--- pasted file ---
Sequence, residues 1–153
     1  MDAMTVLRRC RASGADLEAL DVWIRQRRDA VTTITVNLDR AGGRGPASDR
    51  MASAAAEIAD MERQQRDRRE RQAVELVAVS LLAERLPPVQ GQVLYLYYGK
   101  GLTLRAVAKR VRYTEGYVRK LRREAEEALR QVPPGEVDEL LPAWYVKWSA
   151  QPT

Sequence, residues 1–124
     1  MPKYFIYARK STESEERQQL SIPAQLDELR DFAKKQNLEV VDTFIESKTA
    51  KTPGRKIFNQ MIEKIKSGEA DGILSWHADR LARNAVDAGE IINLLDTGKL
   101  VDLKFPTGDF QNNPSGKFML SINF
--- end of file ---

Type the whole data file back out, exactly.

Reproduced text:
Sequence, residues 1–153
     1  MDAMTVLRRC RASGADLEAL DVWIRQRRDA VTTITVNLDR AGGRGPASDR
    51  MASAAAEIAD MERQQRDRRE RQAVELVAVS LLAERLPPVQ GQVLYLYYGK
   101  GLTLRAVAKR VRYTEGYVRK LRREAEEALR QVPPGEVDEL LPAWYVKWSA
   151  QPT

Sequence, residues 1–124
     1  MPKYFIYARK STESEERQQL SIPAQLDELR DFAKKQNLEV VDTFIESKTA
    51  KTPGRKIFNQ MIEKIKSGEA DGILSWHADR LARNAVDAGE IINLLDTGKL
   101  VDLKFPTGDF QNNPSGKFML SINF